- The Washington Times - Monday, August 31, 2015

Californians are fleeing the state in unprecedented numbers, and their primary destination is Texas, according to an analysis issued Monday.

About 5 million Californians departed the Golden State between 2004 and 2013, while 3.9 million arrived from other states for a net population loss of roughly 1.1 million, The Sacramento Bee reported Monday, using tax return data from the Internal Revenue Service.

The estimated loss in annual income to California? Roughly $26 billion.

Nearly 600,000 Californians wound up in Texas, while about 348,000 Texans moved to California. The other top net recipients of Californians were Arizona, Nevada, Oregon and Washington, the analysis found.

Even so, California has seen its population increase slightly from 37 million in 2010 to nearly 39 million, thanks largely to an influx of foreign-born immigrants.

The graphic also shows that the people leaving California earn more overall than those entering California.

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For example, those leaving California for Texas had a combined income of $15 billion, while those leaving Texas for California earned $9.7 billion, meaning that Texas received a windfall of $5.3 billion.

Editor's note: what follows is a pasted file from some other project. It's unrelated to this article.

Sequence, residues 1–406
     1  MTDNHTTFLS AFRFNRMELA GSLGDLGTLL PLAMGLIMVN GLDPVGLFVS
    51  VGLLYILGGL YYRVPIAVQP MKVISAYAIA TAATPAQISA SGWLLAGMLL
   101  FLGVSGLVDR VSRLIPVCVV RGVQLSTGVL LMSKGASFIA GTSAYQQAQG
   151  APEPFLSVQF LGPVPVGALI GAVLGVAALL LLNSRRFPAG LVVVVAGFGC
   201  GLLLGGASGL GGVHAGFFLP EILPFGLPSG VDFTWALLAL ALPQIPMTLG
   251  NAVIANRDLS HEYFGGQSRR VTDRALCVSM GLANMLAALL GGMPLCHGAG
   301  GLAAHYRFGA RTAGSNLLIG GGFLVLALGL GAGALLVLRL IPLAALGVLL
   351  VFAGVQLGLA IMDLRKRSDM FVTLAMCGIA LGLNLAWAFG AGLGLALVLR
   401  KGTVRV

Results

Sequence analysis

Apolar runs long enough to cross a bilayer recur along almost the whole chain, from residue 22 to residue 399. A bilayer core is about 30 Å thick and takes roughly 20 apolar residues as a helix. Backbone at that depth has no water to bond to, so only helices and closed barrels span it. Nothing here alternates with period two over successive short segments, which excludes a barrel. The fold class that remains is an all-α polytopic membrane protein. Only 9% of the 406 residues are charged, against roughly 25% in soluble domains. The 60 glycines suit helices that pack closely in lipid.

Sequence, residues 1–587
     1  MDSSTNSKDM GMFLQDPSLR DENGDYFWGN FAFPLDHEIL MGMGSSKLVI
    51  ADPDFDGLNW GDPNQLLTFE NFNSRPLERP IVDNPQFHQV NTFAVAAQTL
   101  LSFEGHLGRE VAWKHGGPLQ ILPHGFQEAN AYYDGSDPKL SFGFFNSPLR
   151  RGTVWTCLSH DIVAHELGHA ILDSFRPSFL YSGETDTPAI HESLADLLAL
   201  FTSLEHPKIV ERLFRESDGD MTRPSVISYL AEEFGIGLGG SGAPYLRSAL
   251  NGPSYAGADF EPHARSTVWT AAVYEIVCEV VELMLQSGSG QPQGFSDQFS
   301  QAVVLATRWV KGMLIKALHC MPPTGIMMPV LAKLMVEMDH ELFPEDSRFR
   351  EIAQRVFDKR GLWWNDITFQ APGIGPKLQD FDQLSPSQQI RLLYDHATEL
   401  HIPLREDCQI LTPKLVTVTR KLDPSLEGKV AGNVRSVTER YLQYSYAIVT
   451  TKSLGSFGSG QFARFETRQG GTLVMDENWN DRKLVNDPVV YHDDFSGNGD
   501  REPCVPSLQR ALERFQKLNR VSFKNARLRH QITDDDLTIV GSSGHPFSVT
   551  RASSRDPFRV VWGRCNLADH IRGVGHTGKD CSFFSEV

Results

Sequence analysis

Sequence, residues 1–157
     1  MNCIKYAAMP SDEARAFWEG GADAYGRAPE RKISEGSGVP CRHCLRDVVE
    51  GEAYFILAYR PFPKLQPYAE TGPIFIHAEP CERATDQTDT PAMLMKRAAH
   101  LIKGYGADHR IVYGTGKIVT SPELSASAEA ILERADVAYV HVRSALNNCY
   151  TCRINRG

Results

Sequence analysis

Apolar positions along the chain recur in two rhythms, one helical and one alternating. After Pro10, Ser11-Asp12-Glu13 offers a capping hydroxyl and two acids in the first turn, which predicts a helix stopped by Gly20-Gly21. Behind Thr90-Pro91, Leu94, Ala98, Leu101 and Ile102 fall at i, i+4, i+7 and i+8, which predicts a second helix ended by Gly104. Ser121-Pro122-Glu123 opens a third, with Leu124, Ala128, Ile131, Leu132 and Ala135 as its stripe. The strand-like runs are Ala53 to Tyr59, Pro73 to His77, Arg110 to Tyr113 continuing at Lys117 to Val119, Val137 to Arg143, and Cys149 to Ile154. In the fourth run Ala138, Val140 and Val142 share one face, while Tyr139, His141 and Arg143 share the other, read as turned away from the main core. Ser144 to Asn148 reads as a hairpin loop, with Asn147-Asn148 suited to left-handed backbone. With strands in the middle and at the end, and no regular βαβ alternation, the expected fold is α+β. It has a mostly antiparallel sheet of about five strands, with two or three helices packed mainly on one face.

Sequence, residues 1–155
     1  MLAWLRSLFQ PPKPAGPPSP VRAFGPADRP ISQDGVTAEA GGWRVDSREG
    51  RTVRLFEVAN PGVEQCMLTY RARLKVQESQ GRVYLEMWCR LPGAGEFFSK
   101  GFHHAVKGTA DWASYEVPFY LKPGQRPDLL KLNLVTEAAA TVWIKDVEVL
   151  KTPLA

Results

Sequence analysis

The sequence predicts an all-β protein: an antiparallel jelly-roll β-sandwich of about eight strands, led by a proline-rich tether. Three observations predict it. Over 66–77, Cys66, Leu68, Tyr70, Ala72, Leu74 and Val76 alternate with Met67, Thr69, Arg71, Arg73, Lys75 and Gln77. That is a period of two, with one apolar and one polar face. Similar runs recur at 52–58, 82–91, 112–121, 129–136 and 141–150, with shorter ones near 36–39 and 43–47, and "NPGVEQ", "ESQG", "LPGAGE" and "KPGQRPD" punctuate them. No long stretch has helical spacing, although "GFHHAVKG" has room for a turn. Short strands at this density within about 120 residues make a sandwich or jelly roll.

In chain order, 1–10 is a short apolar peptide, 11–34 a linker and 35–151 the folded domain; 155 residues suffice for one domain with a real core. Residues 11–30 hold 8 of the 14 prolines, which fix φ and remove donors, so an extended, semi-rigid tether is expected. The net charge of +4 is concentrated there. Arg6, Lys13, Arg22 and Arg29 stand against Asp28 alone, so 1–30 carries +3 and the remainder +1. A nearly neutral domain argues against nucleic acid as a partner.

Analysts blame a host of factors for the migration, starting with California’s high tax rate and cost of living.

The state is also mired in its fourth year of drought and recently enacted mandatory reductions on residential water suppliers.

It’s not entirely clear why Texas is so attractive to California migrants, but it may have something to do with the pro-Texas campaign mounted in recent years in the Golden State.

Former Texas Gov. Rick Perry, who delighted in poaching California companies, ran radio ads in 2013 saying that it was “next to impossible” to build a business in California and that entrepreneurs should “come check out Texas.”

• Valerie Richardson can be reached at vrichardson@washingtontimes.com.

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